ArcGIS Notebooks includes an autocomplete feature when running cells. You can use it to help you find the libraries and modules you need. In a cell, type the first portion of your command, and press Tab to activate the autocomplete feature. It provides possible values that can complete the command.
For example, if you type arcgis. and press Tab, the notebook will provide a drop-down list of all the modules available in the ArcGIS API for Python. You can use the up and down arrows to navigate the list; when you find the option you want, press Enter to insert it into your line of code.
To learn more about how the ArcGIS API for Python and ArcPy work in your notebooks, see the following topics:
Use functions in a cell
To perform analysis and work with data in notebooks, you use Python functions. Functions are contained within Python libraries, and often take input arguments to specify how they will run and what content they will run on.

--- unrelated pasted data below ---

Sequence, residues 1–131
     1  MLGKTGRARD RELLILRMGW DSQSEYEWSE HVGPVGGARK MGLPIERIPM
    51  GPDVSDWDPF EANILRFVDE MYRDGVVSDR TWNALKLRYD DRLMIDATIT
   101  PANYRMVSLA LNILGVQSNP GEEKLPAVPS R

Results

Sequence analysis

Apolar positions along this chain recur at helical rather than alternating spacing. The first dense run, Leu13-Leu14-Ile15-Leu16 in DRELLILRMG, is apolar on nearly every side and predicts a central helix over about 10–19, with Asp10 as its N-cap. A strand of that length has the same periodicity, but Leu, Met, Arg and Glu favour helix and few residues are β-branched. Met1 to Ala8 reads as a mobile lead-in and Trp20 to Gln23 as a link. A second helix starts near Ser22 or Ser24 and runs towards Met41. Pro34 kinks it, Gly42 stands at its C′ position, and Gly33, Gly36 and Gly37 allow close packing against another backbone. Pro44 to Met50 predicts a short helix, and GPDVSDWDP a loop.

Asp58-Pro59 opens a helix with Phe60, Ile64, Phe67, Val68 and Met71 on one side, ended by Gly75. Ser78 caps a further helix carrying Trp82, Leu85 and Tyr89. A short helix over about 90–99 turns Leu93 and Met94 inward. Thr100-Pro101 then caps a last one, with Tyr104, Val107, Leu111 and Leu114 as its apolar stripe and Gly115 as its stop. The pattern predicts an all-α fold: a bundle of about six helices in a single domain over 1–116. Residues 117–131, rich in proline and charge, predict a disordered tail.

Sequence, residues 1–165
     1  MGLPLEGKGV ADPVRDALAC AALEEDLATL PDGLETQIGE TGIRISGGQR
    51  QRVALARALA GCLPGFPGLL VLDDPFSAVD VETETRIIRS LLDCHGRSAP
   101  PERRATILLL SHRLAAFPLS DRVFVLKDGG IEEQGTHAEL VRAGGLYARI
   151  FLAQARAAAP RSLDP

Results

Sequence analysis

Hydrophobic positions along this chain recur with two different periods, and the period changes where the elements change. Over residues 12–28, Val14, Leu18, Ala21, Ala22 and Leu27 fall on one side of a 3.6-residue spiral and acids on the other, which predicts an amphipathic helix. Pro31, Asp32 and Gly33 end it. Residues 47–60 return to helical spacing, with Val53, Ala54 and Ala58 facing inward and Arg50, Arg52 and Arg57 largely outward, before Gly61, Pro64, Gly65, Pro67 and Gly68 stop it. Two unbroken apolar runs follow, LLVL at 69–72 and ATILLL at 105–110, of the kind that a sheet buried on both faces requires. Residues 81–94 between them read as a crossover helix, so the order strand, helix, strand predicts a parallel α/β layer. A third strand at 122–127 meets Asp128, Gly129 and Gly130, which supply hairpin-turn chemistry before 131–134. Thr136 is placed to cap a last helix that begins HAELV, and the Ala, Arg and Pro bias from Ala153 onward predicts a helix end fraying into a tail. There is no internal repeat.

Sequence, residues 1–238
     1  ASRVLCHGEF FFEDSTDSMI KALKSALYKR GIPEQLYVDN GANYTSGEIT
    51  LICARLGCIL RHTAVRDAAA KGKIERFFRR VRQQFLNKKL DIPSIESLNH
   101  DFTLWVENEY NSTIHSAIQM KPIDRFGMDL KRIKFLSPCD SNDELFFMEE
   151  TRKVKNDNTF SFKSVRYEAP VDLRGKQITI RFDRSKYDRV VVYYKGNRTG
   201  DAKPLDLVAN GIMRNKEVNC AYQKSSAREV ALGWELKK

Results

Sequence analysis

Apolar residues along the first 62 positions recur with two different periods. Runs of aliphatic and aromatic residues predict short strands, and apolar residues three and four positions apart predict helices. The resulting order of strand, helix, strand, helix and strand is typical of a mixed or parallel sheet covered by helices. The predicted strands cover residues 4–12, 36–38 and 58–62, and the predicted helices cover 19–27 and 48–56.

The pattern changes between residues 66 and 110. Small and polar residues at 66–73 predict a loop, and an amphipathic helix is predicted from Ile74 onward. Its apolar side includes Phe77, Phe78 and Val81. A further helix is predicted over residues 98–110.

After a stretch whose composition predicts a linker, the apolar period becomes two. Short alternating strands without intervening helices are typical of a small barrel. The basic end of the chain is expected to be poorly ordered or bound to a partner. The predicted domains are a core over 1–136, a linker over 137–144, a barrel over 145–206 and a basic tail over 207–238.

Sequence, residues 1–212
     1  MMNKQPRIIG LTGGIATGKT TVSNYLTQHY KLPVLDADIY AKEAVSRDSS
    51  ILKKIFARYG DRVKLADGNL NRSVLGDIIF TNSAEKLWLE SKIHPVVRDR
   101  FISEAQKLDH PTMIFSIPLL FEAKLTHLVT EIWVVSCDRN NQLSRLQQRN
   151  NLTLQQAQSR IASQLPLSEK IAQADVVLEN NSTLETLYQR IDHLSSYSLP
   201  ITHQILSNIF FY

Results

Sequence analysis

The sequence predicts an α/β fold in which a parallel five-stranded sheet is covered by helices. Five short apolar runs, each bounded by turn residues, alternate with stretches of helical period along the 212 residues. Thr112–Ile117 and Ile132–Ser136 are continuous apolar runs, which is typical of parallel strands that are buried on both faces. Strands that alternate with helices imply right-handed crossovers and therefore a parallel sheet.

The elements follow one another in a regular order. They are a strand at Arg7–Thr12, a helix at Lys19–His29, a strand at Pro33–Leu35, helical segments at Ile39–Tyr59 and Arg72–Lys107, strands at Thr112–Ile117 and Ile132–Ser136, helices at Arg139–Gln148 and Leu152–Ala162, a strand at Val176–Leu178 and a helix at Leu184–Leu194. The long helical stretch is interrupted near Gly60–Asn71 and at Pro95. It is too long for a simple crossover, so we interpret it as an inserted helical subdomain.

The notebook's autocomplete tool can help you find functions by providing a drop-down list of what's available. For any library bar, type bar. and press Tab to show the functions available in it.
For example, to view the tools available in the Summarize Data library of the arcgis.features module, enter the following code and press Tab:
The autocomplete tool shows a drop-down list of the tools available in the library.
Often, a command in a notebook has required or optional arguments—parameters that provide information to run a command. If a command's syntax ends with an empty set of parentheses (()), the command requires or can include optional arguments for you to add.